From the end of this month, the "backbone" of the United States Internet will be privatised. A year ago, the Usenet discussion groups carried on the Internet were alive with speculation on the dire effects of this. Now, most people are much calmer.
At present, US universities pay the National Science Foundation a flat annual fee for an Internet connection of a given capacity, and can run it flat out at no extra cost. In a few months, they will start getting bills from Sprint, Ameritech and Pacific Bell for the volume of information they send out.
As Lee McLoughlin, system administrator for London's Imperial College says, this "may change what information (US universities) are prepared to make publicly available and to whom they give access." That would affect United Kingdom access to major archive sites for information and tools.
But "sponsorship is the obvious way" to fund these, says McLoughlin. We could see the archive of Usenet discussions becoming "rtfm.mit.edu sponsored by Cisco".
Daniel Schneider, technical research assistant developing education materials at the University of Geneva's School of Psychology, is more concerned: "If the US network starts charging it will be catastrophic for us - though if things move slowly we'll be able to work something out. As a small unit, if our access to large organisations' sites were restricted we'd lose our level of competence."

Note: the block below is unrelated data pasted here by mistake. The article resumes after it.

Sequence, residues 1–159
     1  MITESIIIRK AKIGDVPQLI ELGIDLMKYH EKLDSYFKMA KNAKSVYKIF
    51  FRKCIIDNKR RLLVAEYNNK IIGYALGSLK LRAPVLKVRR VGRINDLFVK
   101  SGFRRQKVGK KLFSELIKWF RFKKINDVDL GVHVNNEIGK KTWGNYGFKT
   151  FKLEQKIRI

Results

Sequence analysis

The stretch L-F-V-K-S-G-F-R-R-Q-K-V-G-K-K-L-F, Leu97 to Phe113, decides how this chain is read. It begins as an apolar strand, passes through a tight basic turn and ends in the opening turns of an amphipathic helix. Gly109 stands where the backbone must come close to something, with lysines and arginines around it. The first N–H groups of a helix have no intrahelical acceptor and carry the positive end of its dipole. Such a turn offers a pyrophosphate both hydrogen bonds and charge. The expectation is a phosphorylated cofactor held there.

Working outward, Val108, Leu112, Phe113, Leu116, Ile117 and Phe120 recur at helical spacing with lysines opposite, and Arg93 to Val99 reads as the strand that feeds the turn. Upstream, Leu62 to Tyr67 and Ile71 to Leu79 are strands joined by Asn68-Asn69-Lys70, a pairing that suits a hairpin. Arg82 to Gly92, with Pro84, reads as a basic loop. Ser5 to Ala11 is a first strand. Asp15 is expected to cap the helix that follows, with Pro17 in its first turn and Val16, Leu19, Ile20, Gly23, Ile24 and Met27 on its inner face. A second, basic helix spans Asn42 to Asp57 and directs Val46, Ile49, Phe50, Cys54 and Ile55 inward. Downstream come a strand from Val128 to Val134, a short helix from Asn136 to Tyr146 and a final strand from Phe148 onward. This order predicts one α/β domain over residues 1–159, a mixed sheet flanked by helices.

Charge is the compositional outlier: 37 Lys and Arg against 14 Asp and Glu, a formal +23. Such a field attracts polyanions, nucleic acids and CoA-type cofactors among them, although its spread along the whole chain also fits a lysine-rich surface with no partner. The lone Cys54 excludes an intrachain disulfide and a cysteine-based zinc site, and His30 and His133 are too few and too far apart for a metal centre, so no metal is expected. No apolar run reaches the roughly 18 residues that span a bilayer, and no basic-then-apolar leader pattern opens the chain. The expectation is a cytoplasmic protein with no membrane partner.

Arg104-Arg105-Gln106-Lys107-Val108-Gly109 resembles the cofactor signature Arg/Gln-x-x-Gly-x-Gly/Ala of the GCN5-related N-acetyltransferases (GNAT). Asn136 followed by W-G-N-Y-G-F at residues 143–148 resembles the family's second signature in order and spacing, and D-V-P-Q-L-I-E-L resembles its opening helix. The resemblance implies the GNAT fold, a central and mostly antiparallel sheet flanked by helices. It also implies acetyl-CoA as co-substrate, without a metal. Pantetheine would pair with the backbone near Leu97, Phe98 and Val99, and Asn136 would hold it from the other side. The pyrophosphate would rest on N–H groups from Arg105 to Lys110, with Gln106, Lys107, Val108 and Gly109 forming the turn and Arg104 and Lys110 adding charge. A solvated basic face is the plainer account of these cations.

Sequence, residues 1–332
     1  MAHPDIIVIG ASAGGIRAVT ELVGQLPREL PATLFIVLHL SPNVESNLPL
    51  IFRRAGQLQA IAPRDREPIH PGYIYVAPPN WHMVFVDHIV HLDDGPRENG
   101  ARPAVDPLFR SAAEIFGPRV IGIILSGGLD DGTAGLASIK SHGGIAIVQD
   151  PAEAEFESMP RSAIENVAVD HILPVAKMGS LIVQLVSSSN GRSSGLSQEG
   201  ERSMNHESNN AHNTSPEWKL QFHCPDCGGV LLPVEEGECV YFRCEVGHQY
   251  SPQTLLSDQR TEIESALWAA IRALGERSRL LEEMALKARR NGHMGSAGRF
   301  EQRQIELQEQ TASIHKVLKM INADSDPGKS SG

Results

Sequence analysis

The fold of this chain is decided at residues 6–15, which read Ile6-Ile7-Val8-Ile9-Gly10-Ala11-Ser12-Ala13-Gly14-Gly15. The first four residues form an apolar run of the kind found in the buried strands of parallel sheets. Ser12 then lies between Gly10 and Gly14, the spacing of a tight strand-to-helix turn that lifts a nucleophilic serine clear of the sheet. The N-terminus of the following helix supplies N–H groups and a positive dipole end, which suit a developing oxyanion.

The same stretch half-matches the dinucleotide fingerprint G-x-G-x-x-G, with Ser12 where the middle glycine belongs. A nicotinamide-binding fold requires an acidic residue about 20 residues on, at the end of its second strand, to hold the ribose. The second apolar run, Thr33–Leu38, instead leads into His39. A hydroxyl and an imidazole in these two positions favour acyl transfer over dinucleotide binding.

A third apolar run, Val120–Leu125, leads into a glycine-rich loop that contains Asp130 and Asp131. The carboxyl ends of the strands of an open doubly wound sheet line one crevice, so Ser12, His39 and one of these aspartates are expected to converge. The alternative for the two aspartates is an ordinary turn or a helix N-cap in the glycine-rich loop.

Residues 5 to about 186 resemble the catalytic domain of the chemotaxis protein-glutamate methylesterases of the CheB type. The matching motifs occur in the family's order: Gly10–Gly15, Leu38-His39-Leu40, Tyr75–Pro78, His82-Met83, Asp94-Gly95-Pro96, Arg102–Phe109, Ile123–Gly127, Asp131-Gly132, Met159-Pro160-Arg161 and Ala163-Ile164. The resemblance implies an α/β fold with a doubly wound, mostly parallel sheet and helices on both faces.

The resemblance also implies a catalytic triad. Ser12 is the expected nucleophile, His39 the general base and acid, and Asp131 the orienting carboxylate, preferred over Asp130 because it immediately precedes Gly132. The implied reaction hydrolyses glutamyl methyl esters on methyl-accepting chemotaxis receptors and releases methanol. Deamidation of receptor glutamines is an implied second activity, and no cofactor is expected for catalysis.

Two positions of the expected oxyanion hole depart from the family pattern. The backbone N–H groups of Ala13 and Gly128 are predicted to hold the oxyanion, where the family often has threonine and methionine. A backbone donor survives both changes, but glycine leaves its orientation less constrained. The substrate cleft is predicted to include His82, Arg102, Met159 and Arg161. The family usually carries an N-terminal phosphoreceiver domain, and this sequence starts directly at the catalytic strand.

UK government representatives will say only that "there are some interesting issues to probe". One of these, McLoughlin says, is whether JANET will also move to charge for volumes of data transmitted.
There has been concern that charging for volume will kill mailing lists. These may be the most primitive form of communication on the net, from a technical point of view; but in many ways they are intellectually the most evolved.
But Steve Wolff, director of the NSF division of networking and communications, predicted last year that the market would ensure flat-rate charging survived.